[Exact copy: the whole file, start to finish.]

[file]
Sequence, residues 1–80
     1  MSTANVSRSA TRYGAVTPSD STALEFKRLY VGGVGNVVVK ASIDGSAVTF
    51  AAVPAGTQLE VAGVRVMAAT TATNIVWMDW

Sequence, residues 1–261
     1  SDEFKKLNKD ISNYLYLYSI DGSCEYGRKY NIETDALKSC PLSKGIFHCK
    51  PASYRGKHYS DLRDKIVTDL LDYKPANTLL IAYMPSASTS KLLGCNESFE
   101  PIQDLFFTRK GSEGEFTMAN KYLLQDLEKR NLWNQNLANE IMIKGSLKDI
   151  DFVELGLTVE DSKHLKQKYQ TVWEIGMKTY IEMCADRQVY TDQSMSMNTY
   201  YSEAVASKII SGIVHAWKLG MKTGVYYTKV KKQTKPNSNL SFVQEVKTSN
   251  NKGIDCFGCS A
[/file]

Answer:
Sequence, residues 1–80
     1  MSTANVSRSA TRYGAVTPSD STALEFKRLY VGGVGNVVVK ASIDGSAVTF
    51  AAVPAGTQLE VAGVRVMAAT TATNIVWMDW

Sequence, residues 1–261
     1  SDEFKKLNKD ISNYLYLYSI DGSCEYGRKY NIETDALKSC PLSKGIFHCK
    51  PASYRGKHYS DLRDKIVTDL LDYKPANTLL IAYMPSASTS KLLGCNESFE
   101  PIQDLFFTRK GSEGEFTMAN KYLLQDLEKR NLWNQNLANE IMIKGSLKDI
   151  DFVELGLTVE DSKHLKQKYQ TVWEIGMKTY IEMCADRQVY TDQSMSMNTY
   201  YSEAVASKII SGIVHAWKLG MKTGVYYTKV KKQTKPNSNL SFVQEVKTSN
   251  NKGIDCFGCS A